Former opposition leader Sam Rainsy has again said that Vietnam’s Montagnards will unite with Cambodia, a claim that landed him treason charges earlier this year.
In video footage in the US that surfaced on Facebook on Sunday, Mr Rainsy said: “We are all Khmer citizens in Cambodia. I cannot speak on behalf of Vietnam, but I can make sure that we will be united in one nation with the Degar people; you will have your rights with distinguished rights, your identity, your culture, so that you feel proud of the Degar people living under Cambodia’s shrine.”
“We will preserve your identity, preserve your property, preserve your assets, and preserve your culture, your religion,” he added.
Montagnard is a French term referring to a Vietnamese hill tribe, also known as Degar, most of whom are from Christian ethnic minority groups residing in the Vietnam Central Highlands.
Mr Rainsy also said in the video that he was fighting for the freedom of Montagnards.
“I am fighting for democracy in Cambodia, fighting to ensure that the human rights of everybody is respected. I am sure that we will contribute to make Vietnam one day a democratic country so that the right of Degar people in Vietnam will be respected as they are living in Cambodia,” Mr Rainsy said.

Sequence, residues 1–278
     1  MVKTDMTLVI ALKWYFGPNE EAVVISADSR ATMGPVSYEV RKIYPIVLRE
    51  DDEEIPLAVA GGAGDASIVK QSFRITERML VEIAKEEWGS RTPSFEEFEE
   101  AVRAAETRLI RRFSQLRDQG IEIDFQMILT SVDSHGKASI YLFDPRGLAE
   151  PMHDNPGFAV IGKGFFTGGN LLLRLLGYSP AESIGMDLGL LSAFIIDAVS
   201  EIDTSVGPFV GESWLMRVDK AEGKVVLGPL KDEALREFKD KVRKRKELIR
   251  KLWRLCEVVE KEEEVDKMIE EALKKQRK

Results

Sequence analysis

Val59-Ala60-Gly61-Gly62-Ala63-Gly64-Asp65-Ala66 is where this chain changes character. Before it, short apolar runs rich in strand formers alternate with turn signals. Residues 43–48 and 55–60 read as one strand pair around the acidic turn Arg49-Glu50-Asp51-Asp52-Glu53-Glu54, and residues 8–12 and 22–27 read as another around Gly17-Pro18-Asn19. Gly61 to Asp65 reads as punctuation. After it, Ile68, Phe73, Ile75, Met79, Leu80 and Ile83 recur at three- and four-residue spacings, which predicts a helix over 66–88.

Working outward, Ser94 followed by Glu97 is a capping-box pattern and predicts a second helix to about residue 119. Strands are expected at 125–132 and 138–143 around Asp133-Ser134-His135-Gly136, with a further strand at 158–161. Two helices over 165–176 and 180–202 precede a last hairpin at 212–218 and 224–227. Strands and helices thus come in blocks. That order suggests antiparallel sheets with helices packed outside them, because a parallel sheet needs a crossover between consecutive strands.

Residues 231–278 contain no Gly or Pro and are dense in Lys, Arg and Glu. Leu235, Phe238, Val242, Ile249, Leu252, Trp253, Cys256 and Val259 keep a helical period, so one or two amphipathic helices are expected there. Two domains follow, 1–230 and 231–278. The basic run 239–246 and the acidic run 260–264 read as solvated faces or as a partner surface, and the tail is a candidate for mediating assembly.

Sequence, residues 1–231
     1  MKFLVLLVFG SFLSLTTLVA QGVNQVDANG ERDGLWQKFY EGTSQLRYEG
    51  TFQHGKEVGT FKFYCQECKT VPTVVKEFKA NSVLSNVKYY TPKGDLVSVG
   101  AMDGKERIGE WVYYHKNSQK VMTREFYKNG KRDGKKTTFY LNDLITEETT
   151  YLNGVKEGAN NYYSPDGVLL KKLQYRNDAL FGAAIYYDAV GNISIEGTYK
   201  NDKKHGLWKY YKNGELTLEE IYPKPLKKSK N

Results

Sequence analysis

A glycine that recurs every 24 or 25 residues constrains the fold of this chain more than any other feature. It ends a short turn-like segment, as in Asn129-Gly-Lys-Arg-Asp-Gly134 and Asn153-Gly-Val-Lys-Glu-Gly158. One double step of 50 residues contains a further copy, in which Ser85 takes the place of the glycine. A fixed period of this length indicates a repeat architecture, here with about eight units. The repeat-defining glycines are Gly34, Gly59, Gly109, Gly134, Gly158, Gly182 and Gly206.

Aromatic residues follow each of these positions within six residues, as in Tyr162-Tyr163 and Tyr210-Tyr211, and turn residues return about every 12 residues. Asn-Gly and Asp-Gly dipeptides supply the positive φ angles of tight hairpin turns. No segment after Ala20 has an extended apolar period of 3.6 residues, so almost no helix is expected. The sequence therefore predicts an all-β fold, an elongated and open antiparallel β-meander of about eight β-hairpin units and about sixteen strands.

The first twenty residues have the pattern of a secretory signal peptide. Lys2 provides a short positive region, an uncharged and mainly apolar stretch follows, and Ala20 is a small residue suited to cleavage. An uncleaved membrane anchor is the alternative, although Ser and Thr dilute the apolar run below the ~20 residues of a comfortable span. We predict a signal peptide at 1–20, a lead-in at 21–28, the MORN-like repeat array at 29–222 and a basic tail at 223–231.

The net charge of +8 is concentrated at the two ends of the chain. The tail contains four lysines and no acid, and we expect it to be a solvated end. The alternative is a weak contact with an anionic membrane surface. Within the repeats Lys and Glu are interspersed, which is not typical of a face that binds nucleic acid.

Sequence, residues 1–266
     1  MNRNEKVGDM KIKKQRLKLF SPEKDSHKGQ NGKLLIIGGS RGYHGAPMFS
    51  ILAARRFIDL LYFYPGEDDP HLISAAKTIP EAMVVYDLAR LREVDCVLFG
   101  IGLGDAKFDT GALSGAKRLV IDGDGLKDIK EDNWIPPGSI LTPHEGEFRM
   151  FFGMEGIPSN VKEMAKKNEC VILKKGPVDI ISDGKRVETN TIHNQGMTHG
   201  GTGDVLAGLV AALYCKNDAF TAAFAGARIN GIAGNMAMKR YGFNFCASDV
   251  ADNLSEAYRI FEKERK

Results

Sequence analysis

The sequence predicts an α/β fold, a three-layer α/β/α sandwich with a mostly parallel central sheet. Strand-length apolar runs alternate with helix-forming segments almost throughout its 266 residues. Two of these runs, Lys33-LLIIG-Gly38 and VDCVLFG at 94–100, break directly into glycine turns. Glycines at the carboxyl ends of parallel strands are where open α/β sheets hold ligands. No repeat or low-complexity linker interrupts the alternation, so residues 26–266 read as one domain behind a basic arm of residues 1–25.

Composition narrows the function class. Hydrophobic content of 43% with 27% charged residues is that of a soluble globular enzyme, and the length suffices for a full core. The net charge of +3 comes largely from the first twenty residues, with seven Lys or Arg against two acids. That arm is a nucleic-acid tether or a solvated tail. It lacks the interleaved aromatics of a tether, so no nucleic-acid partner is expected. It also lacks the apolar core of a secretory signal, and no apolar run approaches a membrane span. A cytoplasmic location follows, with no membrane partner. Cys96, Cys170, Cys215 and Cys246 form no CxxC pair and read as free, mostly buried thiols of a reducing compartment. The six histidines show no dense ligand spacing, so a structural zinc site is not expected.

Mr Rainsy was summoned by Phnom Penh Municipal Court to appear at the court for questioning in May after he was accused of agreeing to cede four northeastern provinces to Vietnam’s Montagnards if he won the 2013 election.
The case stems from a leaked video on Facebook within a post that included documents dated April, 12, 2013 and bearing the signatures of Mr Rainsy and that of Kok Ksor, head of a Montagnard association in the US.
In the new video, Mr Rainsy said he welcomed Mr Ksor to visit Ratanakkiri, Mondulkiri, Stung Treng and Kratie provinces.
Mr Ksor, who also appeared in the new video, thanked Mr Rainsy for his support of Montagnards.
“We hope one day you will be the leader, and Cambodia will be free,” Mr Ksor said.
Government spokesman Phay Siphan said that Mr Rainsy’s continued comments are useless.
“I don’t understand what he wants because Montagnards are indigenous people living in Vietnam,” Mr Siphan said.“If we take those people, it will affect our national security because we do not meddle with their internal affairs.”
Mr Rainsy has lived in exile since 2015 after being hit with slew of court cases, including by Prime Minister Hun Sen who accused him of defamation.
Deputy prosecutor Sieng Sok, who is in charge of the case linked to the 2013 video, declined to comment yesterday and referred questions to court spokesman Ly Sophanna, who could not be reached for comment.